They’re a little persnickety sometimes, and things have to be lined up right for some systems… and it’s slowly gaining some adoption, but I don’t think you can reliably say that it has “taken off” or become mainstream. Samsung has one of these chargers available now for their last couple versions of their higher-end smartphones, but Apple does not — and Samsung hasn’t been able to leverage the existence of their wireless chargers into any real advantage, so while I’m sure Apple is working on wireless charging they’re undoubtedly not panicked. And, after all, placing your cell phone carefully on a pad and lining it up properly is indeed more convenient than plugging it in… but it’s not as nice as having it charge automatically without you thinking about it, or without you taking it out of your pocket.

Since it’s very early days for “wireless power” adoption by the electronics manufacturers, there’s also some debate about standards — if you’re going to count on finding a wireless charger at Starbucks, then you want all wireless chargers to work with all phones, right? Starbucks is not going to offer three different versions of a charger to their customers, and you can’t get all the phonemakers to agree to a single standard unless they’re pretty confident that charging sites will be widely available in that standard. That means the whole industry is very much up in the air on this one, and unless Apple commits to a wireless charging standard overnight (they probably won’t), it’s going to be a while before the “winner” is settled.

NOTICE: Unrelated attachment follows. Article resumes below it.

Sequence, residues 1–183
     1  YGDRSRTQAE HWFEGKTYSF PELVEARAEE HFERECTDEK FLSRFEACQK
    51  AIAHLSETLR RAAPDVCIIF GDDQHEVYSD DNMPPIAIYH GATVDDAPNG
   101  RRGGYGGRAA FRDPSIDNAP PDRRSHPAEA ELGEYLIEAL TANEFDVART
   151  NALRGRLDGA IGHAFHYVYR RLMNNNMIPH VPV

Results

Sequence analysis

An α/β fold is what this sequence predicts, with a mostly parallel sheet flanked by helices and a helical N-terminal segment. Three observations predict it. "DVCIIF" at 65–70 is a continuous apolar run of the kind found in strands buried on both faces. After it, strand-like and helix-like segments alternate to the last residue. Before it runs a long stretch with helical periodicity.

So who is Backus teasing? Well, I’ve let my own blatheration go on this long because he doesn’t really provide much in the way of clues — here’s a little more from the ad:

“… unlike in Tesla’s time, this is no longer some pie-in-the-sky wish.

“It’s already here.

“It won’t be long before you see it in residential homes, corporate offices, restaurants, coffee shops, and hospitals.

“In fact, inside of ten years we could very well be looking at homes and businesses without electrical outlets of any kind.

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“I mean, why go through the expense when the need to plug things in will be eliminated?

“No more batteries, no more cords, and most importantly, no more charging.”

That’s pretty far outside the realm of conventional expectations, just so you know — wireless charging, by whatever method, is also generally less efficient than wired charging and wired connections, and you don’t necessarily want to have a battery in every single electronic device. It’s the network effect — once everyone’s using it, you want to be using it too… before everyone’s using it, you’re not incentivized to start using it. Very powerful both as a reinforcement for a business that builds a captive consumer audience, and as a hurdle that any new standard has to cross before it can become viable.